You know, this is one of our soccer problems in this country…
These things we use so often are arguably an instinctive property of humans. We think that by using them we protect our egos, self esteem, self worth. In the short term, it might work. We go on living our seemingly flawless lives, faulting anything that goes wrong on something or someone else.
In the long run, you never improve yourself. And continual improvement is the foundation to success!
Now, let’s talk some soccer. I read and hear excuses all the time from coaches, players, parents, and fans at all levels. What’s interesting is that it is especially prevalent in soccer. You don’t hear nearly as many in the other sports. On the contrary, you can frequently hear analysts and commentators in other sports demolish a team, player, or coach for being awful. What’s more, you’ve probably heard about how critical the media is in other countries when it comes to their soccer.
Typical Soccer Excuses
- It was raining! It was windy! It was hot!
- We’re a “young” team!
- We didn’t really “care” about this game or tournament.
- It was a long trip to the game, our players were fatigued.
- We were missing some players.
… and this list goes on, and on, and on.
Facts as Excuses
Just because some of these statements are facts, don’t use them as an excuse for poor performance. Instead, look at the fundamental implications of these facts. Learn from them, and understand what can be changed so progress can be made.
“We lost because we were missing some players.”
When you say something like that, it’s the end of discussion. Do you learn anything from it? Can something be done about it?
What you should be saying instead is:
“We lost because our team is not deep.”
You see the difference? That’s a statement that clearly identifies a problem. Now a whole discussion on how to fix it can flourish.
For the Coach
Maybe you messed up and should have played a different formation. Maybe you should have changed your tactical scheme. Maybe you didn’t prepare the team properly – knowing you would be missing certain players. Maybe your players aren’t conditioned properly and ran out of gas with less substitutes. Or perhaps some new recruiting is in order. You get the picture? We can analyze and improve for next time.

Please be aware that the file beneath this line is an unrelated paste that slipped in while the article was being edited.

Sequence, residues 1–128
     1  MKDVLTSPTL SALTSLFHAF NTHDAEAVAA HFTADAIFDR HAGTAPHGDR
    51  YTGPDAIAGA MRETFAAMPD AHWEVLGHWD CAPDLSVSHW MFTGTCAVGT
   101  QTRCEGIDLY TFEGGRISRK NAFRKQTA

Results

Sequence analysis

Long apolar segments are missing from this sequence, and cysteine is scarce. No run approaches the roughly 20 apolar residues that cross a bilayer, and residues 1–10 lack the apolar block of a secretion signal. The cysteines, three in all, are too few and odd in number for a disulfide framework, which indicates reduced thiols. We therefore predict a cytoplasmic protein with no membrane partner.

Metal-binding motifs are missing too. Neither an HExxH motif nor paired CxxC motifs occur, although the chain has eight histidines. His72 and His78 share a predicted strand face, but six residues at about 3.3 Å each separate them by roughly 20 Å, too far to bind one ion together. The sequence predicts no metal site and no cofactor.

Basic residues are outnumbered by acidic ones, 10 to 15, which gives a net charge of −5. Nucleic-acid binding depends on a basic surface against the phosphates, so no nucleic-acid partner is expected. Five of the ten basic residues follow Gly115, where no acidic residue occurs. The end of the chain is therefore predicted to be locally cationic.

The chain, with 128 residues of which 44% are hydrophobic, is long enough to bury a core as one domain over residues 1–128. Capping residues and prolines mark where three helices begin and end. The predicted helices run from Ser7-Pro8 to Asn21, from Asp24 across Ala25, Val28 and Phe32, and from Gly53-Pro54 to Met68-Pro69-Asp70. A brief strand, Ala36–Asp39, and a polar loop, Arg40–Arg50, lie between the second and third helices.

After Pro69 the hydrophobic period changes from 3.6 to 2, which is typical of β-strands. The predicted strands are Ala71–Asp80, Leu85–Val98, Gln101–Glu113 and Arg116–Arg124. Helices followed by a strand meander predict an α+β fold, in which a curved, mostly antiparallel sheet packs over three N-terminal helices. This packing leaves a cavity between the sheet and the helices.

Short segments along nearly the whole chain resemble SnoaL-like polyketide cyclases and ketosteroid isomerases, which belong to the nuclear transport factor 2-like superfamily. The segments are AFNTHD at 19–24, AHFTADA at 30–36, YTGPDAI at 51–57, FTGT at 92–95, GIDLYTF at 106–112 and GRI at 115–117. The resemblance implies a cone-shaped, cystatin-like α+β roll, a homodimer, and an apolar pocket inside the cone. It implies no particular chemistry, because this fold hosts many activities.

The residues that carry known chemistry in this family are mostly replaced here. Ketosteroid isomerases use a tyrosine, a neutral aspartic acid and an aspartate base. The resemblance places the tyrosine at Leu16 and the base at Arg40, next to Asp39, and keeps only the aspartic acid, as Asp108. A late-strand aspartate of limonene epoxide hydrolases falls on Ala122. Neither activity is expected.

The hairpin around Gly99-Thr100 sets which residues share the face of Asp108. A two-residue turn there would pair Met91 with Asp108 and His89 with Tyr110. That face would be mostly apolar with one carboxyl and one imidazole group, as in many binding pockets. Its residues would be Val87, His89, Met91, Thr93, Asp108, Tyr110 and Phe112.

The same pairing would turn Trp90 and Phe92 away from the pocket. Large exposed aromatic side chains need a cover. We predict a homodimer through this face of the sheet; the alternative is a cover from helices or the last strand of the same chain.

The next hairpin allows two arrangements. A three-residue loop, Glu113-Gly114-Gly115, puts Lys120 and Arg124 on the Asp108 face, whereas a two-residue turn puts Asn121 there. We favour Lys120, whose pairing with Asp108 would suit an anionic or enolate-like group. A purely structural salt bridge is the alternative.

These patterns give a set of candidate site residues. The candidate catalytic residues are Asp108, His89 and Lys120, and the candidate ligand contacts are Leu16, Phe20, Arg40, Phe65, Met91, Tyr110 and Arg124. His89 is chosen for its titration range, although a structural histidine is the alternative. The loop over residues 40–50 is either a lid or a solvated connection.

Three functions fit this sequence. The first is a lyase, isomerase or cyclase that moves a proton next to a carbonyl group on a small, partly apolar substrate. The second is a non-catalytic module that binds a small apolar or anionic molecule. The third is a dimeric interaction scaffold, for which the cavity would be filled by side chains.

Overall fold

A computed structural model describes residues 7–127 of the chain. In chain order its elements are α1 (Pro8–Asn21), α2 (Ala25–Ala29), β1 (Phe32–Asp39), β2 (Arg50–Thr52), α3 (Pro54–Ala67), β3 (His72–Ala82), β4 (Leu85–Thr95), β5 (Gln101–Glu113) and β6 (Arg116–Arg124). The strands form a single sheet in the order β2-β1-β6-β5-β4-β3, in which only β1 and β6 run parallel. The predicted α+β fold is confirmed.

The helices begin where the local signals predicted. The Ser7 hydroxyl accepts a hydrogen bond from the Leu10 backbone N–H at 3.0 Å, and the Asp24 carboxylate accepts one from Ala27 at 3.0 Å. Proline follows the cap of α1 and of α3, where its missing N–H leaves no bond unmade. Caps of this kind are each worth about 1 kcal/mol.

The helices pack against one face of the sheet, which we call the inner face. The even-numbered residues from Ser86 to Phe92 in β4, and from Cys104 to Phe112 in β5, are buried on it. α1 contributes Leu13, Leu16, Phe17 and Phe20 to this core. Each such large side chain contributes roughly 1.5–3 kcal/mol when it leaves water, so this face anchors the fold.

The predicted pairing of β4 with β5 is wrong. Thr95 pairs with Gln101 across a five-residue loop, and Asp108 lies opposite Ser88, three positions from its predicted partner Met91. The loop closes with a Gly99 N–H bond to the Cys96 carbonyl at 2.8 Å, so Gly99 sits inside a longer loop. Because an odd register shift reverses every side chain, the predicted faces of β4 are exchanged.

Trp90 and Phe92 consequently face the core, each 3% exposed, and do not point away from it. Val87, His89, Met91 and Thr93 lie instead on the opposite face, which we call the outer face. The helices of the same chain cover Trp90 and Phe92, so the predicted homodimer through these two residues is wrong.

For the Players
Maybe the players that had to step up and fill the void weren’t up for the challenge. They should take it as motivation to train harder and more often to get better.
You see, when you make an excuse, the topic ends and no progress can be made. Worse yet, you are perpetuating a culture whereby this is acceptable.
We need to stop and take some responsibility!
By far the worst one is:
“This game or tournament wasn’t very important to us.”
Really? If you ever find yourself saying that as a player, parent, coach, or fan, you should stop or quit soccer altogether! You are hurting yourself and the progress of our sport.
The truth is nobody wants to lose, regardless of the circumstances.
Now, if you are taking a certain game or tournament and using it for a reason other than winning, you better declare your objectives beforehand. Don’t come after the fact with your nonsense!
A Nation of Excuses
Every US high-school, club, college, pro, international game that is reported on, always has to have a positive spin to it. Not just from the traditional media channels, but from informal ones as well!
As a result, the message being sent to our players/coaches/management is that everything is ok. Proceed …
What is so wrong with being critical, and calling it like it is? Why can’t we say this or that player/coach/team/league is just flat out deficient? Why can’t we point at ourselves or our team and say it? Do we just not realize it?
Stop being afraid! Man up, take some blows to your ego and improve. You’ll be stronger, better, and more successful in the long run!